It could grow back. It could also all fall out. But fortunately, unlike hair, writing doesn't have a mind of its own. We're able to manipulate words and phrases to our liking and to the liking of others. Criticism turns catalyst when we decide to own our literary shortcomings and create something worth reading, something of which we're actually proud.
Rejection is only the first step.
I was fortunate enough to place in the top 250 of Amazon's Breakthrough Novel Award contest this year, a feat for which I developed an arthritic pain in my wrist from patting myself on the back so hard, that is until the day I received Publisher Weekly's review of my manuscript. I've only provided you a short snippet for fear of rendering you catatonic.
There are only so many bad metaphors...and pages of self-analysis one can read before it feels like slogging through the transcript of her never-ending (and going nowhere) therapy session.The " her" they were referring to is my main character although they might as well have been referring to me. Ericka is a horrible writer and her work is as grungy and threadbare as the black yoga pants she continuously wears.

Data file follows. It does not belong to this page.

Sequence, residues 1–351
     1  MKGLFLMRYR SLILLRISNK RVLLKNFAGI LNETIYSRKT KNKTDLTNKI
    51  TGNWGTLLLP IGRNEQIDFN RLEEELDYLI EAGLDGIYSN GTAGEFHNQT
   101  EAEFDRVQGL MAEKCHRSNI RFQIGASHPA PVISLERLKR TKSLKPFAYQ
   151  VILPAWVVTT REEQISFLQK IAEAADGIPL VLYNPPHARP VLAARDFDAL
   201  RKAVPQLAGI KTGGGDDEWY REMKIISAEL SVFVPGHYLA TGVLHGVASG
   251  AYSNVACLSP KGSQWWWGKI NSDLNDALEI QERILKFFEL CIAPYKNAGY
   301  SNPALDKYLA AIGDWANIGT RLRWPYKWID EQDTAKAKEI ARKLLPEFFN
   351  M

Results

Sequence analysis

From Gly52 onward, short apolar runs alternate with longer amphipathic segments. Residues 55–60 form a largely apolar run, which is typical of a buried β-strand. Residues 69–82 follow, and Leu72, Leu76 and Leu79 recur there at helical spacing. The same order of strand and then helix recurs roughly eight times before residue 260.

I'm not going to lie. It hurt like hell to know that not everyone found my writing to be as charming and enrapturing as my parents do. Don't get me wrong, I've had plenty of rejection letters from agents and small publishing houses in the past. But the majority of those letters were friendly and often played to my strong points. My parents' bribes were obviously a sound investment.
Publisher Weekly's review, however, found very little to praise although they did throw me a "Potentially interesting plotlines hint at a promising story." At least I can hint with the best of them.
So yeah, it was a pretty brutal beating, but you know what? They're absolutely right. And you know what else? I'm glad they said it because I was having the hardest time admitting it myself.
I'm now working on my third manuscript. I've decided to stop hinting and actually flesh out a solid story line. I've also decided to ice my wrist and stop patting myself on the back. Writing is work, it's a messy relationship between you and the page and if you're willing to let yourself get comfortable and to burn the rejection letter without reading it first, then there's no point in continuing the journey.
But look at it this way: even if it gets too hard to be honest with yourself and to test your creative limits, you can always treat yourself to highlights.
How have you dealt with rejection?